The first literary addiction memoir, featuring the autobiographical Suspiria de Profundis, the inspiration for the 2018 horror film Suspiria, starring Dakota Johnson and Tilda Swinton and directed by Luca Guadagnino
In this remarkable autobiography, Thomas De Quincey hauntingly describes the surreal visions and hallucinatory nocturnal wanderings he took through London—and the nightmares, despair, and paranoia to which he became prey—under the influence of the then-legal painkiller laudanum. Forging a link between artistic self-expression and addiction, Confessions of an English Opium-Eater and Other Writings seamlessly weaves the effects of drugs and the nature of dreams, memory, and imagination. First published in 1821, it paved the way for later generations of literary drug users, from Baudelaire to Burroughs, and anticipated psychoanalysis with its insights into the subconscious.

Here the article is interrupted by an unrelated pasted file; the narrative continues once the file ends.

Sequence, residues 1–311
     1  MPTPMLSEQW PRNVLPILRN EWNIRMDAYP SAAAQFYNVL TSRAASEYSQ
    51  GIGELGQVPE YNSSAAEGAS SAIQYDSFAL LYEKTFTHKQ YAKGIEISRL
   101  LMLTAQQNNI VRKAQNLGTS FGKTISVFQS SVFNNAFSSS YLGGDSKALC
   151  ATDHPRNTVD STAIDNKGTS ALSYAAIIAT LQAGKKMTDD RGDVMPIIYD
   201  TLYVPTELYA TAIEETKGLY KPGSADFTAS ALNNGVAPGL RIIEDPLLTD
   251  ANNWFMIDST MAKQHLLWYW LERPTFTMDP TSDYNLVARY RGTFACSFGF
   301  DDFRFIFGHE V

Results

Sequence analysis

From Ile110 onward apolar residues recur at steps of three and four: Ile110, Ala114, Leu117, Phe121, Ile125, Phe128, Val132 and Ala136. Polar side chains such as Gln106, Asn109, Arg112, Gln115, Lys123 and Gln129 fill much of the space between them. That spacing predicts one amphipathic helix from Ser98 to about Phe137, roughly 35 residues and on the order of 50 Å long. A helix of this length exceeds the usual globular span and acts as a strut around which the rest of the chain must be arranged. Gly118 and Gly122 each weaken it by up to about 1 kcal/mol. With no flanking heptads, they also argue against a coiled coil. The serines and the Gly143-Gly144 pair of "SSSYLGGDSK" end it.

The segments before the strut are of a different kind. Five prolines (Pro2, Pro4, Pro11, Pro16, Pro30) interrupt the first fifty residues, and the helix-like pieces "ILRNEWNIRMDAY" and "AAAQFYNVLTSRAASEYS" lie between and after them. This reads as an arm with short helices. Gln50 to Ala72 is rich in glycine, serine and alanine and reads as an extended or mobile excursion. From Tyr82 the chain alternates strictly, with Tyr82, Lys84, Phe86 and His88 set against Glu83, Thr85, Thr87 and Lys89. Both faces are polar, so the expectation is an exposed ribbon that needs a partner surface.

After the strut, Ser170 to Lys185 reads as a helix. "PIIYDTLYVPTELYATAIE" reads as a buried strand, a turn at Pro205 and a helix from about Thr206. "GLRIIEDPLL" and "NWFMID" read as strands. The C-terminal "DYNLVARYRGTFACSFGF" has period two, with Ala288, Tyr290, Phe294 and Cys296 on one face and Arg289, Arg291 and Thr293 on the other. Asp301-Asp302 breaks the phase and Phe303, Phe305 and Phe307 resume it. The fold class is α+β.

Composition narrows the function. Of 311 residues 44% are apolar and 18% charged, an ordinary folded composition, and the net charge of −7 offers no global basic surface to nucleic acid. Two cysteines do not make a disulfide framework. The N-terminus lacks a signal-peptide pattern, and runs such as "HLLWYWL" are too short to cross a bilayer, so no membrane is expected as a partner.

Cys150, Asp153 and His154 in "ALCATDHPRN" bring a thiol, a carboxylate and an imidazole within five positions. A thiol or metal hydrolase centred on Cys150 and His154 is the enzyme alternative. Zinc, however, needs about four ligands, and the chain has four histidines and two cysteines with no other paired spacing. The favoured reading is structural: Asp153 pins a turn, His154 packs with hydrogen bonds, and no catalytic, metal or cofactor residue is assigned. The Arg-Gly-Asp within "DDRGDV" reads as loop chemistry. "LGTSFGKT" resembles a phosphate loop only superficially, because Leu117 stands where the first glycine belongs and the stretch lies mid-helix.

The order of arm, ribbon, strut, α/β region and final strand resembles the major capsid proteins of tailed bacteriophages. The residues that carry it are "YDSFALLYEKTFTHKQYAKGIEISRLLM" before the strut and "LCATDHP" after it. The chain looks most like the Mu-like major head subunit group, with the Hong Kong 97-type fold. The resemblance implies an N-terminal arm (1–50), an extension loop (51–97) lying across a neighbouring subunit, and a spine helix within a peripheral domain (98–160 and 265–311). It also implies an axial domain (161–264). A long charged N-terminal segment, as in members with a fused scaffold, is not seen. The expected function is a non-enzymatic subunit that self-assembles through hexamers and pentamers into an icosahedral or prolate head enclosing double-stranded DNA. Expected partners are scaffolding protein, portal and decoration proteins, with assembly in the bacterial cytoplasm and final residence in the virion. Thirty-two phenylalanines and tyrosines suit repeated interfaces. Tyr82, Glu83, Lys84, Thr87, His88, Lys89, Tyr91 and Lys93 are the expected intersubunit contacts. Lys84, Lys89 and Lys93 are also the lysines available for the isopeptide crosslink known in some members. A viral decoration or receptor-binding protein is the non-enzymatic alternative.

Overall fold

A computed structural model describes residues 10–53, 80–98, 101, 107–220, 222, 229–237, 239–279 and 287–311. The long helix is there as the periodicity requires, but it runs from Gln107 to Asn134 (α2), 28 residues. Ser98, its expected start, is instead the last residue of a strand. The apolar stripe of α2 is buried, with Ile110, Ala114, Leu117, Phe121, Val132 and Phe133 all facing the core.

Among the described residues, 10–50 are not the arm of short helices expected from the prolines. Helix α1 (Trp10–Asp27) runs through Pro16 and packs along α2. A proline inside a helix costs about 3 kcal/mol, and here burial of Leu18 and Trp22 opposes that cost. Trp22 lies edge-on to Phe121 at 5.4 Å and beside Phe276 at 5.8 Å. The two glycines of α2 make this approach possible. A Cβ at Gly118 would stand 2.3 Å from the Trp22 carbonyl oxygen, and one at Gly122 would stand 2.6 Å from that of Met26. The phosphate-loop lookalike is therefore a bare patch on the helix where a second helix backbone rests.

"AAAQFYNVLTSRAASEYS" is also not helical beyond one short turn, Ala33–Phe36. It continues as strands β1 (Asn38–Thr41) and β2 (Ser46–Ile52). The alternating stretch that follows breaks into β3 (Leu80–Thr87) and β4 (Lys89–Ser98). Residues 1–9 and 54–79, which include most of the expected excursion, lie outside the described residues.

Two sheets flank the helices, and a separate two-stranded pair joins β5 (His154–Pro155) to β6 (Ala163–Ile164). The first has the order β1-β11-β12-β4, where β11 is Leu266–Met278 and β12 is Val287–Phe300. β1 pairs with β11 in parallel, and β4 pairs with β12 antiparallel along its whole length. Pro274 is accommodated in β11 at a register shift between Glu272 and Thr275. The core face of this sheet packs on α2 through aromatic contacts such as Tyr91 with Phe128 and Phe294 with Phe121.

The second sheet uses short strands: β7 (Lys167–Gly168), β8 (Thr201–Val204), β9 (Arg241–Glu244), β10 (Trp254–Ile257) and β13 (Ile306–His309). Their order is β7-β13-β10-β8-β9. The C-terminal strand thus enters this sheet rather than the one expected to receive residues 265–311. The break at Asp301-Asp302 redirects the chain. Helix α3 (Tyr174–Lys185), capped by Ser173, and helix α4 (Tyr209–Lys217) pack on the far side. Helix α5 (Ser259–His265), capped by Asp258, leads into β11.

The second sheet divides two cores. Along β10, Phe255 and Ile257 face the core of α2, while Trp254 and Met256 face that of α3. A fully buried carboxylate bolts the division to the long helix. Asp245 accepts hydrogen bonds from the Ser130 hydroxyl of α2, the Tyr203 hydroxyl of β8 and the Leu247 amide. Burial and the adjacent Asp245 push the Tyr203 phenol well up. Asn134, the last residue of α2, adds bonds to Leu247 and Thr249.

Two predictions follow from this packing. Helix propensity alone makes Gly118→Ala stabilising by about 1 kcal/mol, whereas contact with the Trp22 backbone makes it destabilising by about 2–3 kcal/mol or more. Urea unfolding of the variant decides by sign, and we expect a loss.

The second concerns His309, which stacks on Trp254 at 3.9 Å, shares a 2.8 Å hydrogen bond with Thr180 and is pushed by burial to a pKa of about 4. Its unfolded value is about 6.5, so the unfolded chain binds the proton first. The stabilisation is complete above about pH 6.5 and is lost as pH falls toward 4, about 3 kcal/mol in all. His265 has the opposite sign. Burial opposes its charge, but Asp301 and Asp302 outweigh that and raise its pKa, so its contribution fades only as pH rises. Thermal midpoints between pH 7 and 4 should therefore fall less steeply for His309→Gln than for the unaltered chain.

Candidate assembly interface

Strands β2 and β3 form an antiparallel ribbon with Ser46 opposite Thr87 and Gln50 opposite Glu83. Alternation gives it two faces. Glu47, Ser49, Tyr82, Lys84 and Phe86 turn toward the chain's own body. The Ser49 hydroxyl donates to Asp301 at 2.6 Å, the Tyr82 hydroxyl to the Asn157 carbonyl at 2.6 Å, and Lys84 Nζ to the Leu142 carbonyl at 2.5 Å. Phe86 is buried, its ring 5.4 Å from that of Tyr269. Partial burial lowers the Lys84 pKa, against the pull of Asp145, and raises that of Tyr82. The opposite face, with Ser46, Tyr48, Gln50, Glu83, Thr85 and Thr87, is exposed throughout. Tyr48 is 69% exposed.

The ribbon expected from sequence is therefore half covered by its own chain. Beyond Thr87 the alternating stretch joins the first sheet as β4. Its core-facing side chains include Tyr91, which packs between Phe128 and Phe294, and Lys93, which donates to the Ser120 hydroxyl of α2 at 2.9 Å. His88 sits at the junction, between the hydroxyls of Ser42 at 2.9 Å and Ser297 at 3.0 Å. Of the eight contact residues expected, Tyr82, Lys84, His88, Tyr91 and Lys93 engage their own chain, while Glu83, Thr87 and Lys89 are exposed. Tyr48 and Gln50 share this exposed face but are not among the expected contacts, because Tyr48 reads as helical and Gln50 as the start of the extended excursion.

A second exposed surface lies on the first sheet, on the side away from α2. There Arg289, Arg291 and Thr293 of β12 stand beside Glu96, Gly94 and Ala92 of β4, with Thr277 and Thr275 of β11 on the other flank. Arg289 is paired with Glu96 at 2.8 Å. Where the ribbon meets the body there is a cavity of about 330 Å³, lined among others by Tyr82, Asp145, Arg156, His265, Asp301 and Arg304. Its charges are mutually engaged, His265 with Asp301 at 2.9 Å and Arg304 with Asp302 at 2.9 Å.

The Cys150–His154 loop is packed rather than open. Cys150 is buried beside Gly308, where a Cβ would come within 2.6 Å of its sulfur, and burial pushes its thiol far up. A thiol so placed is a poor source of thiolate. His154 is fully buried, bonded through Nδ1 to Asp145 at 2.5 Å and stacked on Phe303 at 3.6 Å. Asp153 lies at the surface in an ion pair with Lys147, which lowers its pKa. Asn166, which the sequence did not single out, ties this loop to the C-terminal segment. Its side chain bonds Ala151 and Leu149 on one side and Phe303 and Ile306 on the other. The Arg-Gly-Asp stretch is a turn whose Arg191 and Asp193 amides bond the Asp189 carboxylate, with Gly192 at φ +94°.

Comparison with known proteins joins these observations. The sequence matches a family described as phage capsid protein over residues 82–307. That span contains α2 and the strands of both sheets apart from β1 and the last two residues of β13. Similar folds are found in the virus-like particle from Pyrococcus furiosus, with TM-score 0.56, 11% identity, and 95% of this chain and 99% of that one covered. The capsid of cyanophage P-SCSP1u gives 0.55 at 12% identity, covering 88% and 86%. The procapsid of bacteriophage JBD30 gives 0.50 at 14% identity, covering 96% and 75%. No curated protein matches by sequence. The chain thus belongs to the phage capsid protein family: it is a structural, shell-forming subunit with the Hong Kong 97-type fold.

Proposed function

This edition is based on the original serial version of 1821, and reproduces two “sequels”: Suspiria de Profundis (1845) and The English Mail-Coach (1849). It also includes a critical introduction discussing the romantic figure of the addict and the tradition of confessional literature, and an appendix on opium in the nineteenth century.
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About the Author
Thomas De Quincey (1785–1859) studied at Oxford, where he failed to earn his degree but discovered opium. He later met Coleridge, Southey and the Wordsworths. From 1828 until his death, he lived in Edinburgh and made his living from journalism.
Barry Milligan is a professor of English at Wright State University and author of Pleasures and Pains: Opium and the Orient in Nineteenth-Century British Culture.
“Mind-blowingly modern . . . [De Quincey’s] poetic depictions of the wild hallucinations that punctuated his years with the drug transfixed his contemporaries. To us, though, his story is revelatory mostly for its eerie familiarity.” —The New York Times Book Review
“De Quincey’s rather majestic, classically learned and singular style inspires every page of his writing. . . . The self-controlled equanimity of this classic volume is little short of miraculous.” —The Guardian